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13 June 2023

How are UK charities taxed?

In her latest article, Partner in our Private Client Team Rosamond McDowell looks at the tax reliefs available to UK charities and their individual donors, together with a consideration of the relevant offshore elements affecting charities.

In the first of the articles in this series, Victoria Robinson looked at how to set up a charity and the types of charitable structures that are possible in the United Kingdom (UK). In what follows, Partner Rosamond McDowell steps back to look at one of the main drivers for setting up a charity, namely how they are taxed. Absent the tax reliefs and exemptions afforded to charities, philanthropists may prefer to engage in their activities without contending with administrative burden and the applicable regulatory regime and oversight of the Charity Commission, to be considered by James Bacon in the third article in this series.

To put these charitable tax benefits into context, HMRC have announced that tax reliefs for UK charities and their donors for the tax year ending April 2022 came to £5.4 billion. In addition to this, Gift Aid paid directly to charities at the basic rate of income tax totalled £1.3 billion. The availability of the reliefs is not automatic and charities must apply to HMRC to be recognised as such for UK tax purposes by showing that they meet the relevant criteria.

Tax on gifts to charity

There are various different ways that individuals can give to charity, such that both the individual donor and the recipient charity receive tax advantages:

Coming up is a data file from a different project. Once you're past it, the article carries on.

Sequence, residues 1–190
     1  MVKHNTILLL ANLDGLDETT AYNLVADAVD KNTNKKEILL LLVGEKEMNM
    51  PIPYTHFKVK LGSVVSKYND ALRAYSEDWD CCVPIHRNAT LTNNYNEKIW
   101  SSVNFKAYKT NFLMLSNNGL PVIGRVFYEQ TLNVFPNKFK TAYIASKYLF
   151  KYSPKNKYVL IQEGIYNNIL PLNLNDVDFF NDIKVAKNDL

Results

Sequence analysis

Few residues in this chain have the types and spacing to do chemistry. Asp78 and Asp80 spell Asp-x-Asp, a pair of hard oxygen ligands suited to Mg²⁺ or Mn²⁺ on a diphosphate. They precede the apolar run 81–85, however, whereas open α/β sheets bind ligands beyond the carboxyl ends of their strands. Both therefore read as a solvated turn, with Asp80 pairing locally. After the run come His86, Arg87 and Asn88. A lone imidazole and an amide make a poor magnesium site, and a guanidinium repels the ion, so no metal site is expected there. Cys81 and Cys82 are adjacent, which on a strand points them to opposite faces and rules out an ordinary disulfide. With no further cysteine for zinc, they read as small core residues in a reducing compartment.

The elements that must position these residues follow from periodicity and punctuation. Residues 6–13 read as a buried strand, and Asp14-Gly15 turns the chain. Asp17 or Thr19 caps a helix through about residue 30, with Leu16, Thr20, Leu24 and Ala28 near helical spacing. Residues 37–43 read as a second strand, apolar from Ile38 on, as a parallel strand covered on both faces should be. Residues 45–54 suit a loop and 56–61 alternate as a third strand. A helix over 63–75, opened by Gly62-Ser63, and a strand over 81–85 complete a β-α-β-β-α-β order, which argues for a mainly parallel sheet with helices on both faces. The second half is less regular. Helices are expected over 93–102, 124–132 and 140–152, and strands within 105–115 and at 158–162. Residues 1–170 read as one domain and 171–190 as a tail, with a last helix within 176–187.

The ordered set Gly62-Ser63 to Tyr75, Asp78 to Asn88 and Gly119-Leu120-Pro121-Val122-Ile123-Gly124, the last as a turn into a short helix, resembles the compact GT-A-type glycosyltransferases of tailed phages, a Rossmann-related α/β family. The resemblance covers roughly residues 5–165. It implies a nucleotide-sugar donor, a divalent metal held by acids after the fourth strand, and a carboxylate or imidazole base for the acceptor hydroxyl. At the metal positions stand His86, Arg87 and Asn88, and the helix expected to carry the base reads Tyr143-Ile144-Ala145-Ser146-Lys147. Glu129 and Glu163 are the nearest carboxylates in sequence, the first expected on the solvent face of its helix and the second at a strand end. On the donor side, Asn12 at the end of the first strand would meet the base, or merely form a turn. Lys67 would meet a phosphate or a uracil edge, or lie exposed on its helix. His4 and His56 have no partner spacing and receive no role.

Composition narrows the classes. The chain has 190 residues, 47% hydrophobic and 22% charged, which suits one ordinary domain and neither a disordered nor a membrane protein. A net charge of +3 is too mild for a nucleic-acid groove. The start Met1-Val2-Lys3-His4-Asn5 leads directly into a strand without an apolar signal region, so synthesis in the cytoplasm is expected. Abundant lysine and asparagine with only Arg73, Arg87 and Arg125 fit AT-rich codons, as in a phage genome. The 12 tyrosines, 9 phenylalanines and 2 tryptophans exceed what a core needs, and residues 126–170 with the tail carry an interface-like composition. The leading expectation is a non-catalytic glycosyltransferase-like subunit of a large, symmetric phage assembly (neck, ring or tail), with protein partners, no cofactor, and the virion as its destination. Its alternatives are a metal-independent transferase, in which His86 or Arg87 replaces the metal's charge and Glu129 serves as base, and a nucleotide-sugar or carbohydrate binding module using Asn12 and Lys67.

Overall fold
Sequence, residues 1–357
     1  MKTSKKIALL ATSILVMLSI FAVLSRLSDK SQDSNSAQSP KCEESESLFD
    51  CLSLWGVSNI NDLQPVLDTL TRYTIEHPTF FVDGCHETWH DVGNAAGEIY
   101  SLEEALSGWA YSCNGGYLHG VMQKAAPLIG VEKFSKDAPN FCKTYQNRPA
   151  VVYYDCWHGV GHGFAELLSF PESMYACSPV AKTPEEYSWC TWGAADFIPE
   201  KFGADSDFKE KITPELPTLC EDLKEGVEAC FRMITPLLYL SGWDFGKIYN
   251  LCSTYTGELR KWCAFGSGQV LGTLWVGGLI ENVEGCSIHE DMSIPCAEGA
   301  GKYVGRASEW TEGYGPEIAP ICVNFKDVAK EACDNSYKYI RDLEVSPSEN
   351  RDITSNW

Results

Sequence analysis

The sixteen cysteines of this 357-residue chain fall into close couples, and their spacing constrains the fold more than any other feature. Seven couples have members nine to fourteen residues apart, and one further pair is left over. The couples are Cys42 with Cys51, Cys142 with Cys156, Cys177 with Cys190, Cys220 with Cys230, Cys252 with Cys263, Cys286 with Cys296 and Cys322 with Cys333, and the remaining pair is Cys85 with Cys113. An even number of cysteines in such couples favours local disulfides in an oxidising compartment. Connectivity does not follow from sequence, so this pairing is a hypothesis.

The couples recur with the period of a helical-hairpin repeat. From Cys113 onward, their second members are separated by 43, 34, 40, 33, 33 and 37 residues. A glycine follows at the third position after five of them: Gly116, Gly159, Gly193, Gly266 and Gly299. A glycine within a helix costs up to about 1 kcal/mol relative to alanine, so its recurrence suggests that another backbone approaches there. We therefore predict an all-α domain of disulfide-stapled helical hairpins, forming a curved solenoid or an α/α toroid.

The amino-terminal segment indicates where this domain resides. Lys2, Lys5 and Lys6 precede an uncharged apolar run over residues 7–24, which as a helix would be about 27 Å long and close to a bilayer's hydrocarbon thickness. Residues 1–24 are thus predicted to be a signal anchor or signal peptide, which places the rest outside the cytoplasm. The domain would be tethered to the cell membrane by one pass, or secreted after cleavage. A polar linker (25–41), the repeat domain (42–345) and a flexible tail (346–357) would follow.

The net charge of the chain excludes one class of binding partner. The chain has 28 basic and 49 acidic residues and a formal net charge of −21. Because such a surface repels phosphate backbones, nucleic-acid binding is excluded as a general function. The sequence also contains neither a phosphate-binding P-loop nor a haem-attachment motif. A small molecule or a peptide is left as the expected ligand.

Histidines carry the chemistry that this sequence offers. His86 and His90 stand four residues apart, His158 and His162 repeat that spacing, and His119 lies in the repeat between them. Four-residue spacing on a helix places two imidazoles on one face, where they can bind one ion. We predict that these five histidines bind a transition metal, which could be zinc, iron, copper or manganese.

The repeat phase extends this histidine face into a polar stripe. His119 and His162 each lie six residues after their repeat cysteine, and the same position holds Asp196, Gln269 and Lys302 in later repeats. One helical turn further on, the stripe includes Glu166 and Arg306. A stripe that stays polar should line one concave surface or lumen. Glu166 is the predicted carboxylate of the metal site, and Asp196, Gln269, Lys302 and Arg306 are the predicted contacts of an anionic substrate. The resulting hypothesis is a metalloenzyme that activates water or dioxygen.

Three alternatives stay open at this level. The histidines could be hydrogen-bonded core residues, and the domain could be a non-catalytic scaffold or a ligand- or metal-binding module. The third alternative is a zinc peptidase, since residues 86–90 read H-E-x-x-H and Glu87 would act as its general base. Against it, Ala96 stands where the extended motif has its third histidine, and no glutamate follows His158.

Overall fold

1. Payroll deduction scheme

Employees are able to direct that a part of their salary or pension is paid directly to a charity. Relief is given at their marginal rate of income tax, because the deduction is made before deducting tax under the PAYE scheme.

  1. Gift aid – income tax

Persons donating money to a charity will qualify for Gift Aid, which gives relief from higher and additional rates of income tax. The donation to the charity is treated as being made net of income tax at the basic rate, which the charity can recover from HMRC, provided the donor’s tax bill covers the tax reclaimed.

Gift aided donations made between the end of the tax year and the date the tax return is submitted can be back-dated for tax purposes, to be treated as paid in the year covered by the tax return. This can be a useful way of reducing the tax liability of donors whose income hovers just into a higher tax bracket.

  1. Capital gains tax

Gifts of assets to a charity (though not sales at market value) are exempt from capital gains tax. This exemption is extended to certain bodies that are not charitable, but have a public benefit. Similarly to gifts between spouses, the transfer of the asset is treated as being made at ‘no gain-no loss’. The charity is treated as receiving the asset at the base cost for capital gains tax of the donor.

  1. Inheritance tax – exemption

Transfers of value, which would otherwise be chargeable to inheritance tax at 20% (for lifetime transfers) or 40% (for transfers on death) are exempt if passing to a charity.

Ordinarily, there is no benefit to the donor from the IHT exemption. However, in 2012 new rules were introduced under which a gift to a charity on death can, in certain circumstances, reduce the rate of tax payable on the remainder of the estate not passing to the charity. Provided the charity receives at least 10% of the estate, after deducting all other reliefs and exemptions, and the nil rate band, the rate of tax on the balance of the estate will be 36% instead of 40%.

  1. Deeds of variation

It is possible for a person inheriting all or part of an estate of a deceased person to vary their entitlement by deed so as to direct all or part of their inheritance to a charity. If done within two years of the death, this re-direction will secure the inheritance tax exemption noted above.

It is possible for the donor to direct a charitable donation under Gift Aid, which makes the gift doubly efficient, saving both income tax and inheritance tax. However, the Gift Aid rules prohibiting a donor from taking a benefit are strict, so it is important that the donor does not benefit from the inheritance tax saving in those circumstances.